I went to my first recital since I got here yesterday. It was a guitar recital with music by Leo Brouwer, Robert de Visée, Francisco Tárrega, Mario Castelnuovo-Tedesco (who is incidentally a member of the elite class of people who have had longer last names than I), and Fernando Sor. I had planned on going for several days, but I thought it was going to be at 8PM. At around 5:40, I decided it would be a good idea to check what time it was, just to be certain. To my great surprise, it said on the website that it would be starting at 6. Therefore, I left almost immediately and arrived about 10 minutes early. Well, being early is good I guess. The recital was enjoyable. I think I’ll go to another one on Thursday if I can find out what the music will be.

Today there were a few new people at ARML practice. It’s always fun having new people there. Unfortunately, a bunch of the usual people didn’t show up, so it about the same size as usual. There was a lot of trouble with one of the problems. They kept getting tantalizingly close to a solution but then not quite finishing it off. That was a shame. Apart from that one problem, it went quite well. I was especially happy to see so many Homestead people there. Intermediate Counting went rather well also. It was unfortunate that we ran out of time before finishing the final problem since it was a nice problem and also a fairly challenging one.

After dinner, I went to CCS to subject whoever was studying at that moment to some not-very-good piano playing (mainly sight-reading). The Little Old Theater was locked, and my key doesn’t open it, so I went into the main CCS building. I found a piano, and I was appalled to find two broken chairs on top of the piano. After I took them down and raised the lid, I noticed that the piano bench had legs of different heights. Then I replaced the piano bench with a normal chair. The next thing I noticed was that the pedals were to the side of the piano rather than in the middle. I thought that was a bit odd, but I could probably handle it. Unfortunately, after I started using the pedals, I realized that they weren’t connected. Playing Grieg’s Aus Holbergs Zeit without pedals is not much fun, and it didn’t sound very god. Then again, my sight-reading of the third and fourth movements also didn’t sound very good. After that, I played Bach’s Italian Concerto and Beethoven’s Waldstein Sonata rather poorly. At some point I must both improve and fix the pedals. I don’t know if the latter is possible though. Amazingly the piano was in tune. It’s a nice instrument (Steinway). If they would only get it fixed, it would be a pleasure to play.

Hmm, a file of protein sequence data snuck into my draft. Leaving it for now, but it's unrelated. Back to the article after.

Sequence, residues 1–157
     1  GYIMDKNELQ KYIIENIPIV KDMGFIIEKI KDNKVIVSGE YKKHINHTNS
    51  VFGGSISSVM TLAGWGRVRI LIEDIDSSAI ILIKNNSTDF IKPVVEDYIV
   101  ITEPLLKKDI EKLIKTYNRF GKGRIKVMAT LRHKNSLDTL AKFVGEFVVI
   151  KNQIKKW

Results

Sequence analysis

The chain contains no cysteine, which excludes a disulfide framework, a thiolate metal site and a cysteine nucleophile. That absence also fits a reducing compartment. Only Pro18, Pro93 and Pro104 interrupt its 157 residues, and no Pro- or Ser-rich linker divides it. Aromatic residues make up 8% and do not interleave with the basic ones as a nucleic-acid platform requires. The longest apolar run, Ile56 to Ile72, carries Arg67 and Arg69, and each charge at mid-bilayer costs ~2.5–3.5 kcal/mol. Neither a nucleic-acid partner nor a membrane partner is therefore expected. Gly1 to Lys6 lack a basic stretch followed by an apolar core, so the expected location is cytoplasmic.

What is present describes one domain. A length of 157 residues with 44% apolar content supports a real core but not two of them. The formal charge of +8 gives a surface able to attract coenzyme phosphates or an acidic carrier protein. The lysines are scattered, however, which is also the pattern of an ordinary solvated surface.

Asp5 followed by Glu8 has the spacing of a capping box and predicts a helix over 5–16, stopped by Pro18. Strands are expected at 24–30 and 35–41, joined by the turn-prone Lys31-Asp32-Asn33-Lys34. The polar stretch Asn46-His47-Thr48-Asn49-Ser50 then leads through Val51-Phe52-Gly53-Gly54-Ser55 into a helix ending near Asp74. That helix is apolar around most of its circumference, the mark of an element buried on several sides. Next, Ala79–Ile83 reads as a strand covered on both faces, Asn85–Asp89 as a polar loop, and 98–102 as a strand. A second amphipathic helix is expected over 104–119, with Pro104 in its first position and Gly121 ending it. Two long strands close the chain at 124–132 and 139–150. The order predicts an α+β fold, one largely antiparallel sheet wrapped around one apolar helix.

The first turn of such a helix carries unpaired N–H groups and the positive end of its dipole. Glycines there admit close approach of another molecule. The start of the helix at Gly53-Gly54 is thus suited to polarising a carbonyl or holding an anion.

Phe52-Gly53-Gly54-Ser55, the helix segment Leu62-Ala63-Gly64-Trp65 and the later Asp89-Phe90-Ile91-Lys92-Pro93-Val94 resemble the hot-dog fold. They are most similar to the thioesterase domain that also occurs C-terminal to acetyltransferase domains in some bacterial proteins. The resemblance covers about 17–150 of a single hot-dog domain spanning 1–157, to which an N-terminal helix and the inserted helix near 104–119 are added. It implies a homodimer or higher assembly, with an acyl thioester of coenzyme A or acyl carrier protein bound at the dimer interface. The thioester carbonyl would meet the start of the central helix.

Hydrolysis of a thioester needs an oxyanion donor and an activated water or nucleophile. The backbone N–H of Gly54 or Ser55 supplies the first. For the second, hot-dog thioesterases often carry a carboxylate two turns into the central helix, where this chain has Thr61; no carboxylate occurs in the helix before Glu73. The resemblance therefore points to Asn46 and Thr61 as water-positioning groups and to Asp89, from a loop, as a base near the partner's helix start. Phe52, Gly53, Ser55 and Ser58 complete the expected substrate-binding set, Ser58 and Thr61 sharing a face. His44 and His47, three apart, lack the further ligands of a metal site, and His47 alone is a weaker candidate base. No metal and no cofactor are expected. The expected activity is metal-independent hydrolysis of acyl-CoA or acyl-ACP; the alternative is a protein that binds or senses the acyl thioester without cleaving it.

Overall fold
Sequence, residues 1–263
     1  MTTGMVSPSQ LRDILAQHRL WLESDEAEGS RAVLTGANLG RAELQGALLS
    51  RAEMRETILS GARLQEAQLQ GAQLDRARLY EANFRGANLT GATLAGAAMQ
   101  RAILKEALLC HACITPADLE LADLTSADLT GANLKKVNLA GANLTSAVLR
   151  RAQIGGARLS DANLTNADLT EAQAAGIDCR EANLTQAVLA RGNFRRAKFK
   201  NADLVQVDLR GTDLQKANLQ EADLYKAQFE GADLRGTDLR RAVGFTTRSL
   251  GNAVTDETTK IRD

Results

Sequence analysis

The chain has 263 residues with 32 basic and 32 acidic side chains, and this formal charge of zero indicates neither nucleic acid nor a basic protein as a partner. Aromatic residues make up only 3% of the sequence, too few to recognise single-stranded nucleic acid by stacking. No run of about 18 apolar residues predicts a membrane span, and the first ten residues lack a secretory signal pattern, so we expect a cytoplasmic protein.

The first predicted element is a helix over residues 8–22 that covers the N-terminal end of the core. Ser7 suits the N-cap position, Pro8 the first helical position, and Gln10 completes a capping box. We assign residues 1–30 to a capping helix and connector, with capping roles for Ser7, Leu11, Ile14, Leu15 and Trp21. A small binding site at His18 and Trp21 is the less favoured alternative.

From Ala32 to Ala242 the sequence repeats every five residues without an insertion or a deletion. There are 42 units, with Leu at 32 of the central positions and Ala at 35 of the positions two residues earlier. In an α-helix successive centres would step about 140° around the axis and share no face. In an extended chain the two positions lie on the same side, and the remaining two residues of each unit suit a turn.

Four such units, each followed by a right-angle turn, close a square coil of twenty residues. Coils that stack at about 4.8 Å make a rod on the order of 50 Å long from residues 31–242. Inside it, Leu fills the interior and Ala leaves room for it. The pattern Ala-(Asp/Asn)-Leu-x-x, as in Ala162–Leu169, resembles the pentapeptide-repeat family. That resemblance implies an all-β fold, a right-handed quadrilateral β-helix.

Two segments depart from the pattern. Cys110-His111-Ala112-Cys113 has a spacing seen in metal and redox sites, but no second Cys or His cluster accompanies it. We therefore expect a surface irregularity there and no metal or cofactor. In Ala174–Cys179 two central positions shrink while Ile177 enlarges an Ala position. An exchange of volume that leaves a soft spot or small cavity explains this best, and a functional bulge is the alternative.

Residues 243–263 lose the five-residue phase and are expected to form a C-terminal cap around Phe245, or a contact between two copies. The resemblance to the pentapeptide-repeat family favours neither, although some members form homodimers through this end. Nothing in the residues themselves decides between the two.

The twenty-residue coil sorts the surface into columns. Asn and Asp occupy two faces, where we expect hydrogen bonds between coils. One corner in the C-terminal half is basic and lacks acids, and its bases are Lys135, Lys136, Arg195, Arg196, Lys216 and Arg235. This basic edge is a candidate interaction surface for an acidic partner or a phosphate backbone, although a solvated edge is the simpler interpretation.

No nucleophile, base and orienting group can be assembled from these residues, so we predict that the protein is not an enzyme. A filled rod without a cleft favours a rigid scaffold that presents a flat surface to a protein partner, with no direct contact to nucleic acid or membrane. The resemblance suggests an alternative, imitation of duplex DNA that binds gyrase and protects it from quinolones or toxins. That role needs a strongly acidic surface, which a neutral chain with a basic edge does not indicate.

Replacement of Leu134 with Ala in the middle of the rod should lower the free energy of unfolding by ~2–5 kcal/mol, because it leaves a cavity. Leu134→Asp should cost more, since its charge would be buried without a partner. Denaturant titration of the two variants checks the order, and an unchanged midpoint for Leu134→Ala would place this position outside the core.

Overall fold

About Simon

Hi. I'm Simon Rubinstein-Salzedo. I'm a mathematics postdoc at Dartmouth College. I'm also a musician; I play piano and cello, and I also sometimes compose music and study musicology. I also like to play chess and write calligraphy. This blog is a catalogue of some of my thoughts. I write them down so that I understand them better. But sometimes other people find them interesting as well, so I happily share them with my small corner of the world.
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One Response to

  1. mousie1389 says:

    Horrors!! A piano in that condition (and a Steinway!!!)!!! But yes, at least it was in tune. In Music Theory last year, Mr. Burn would play a melodic octave and everyone could tell it was _really_ flat.
    hmm…gotta read that log…that was one interestingly long problem

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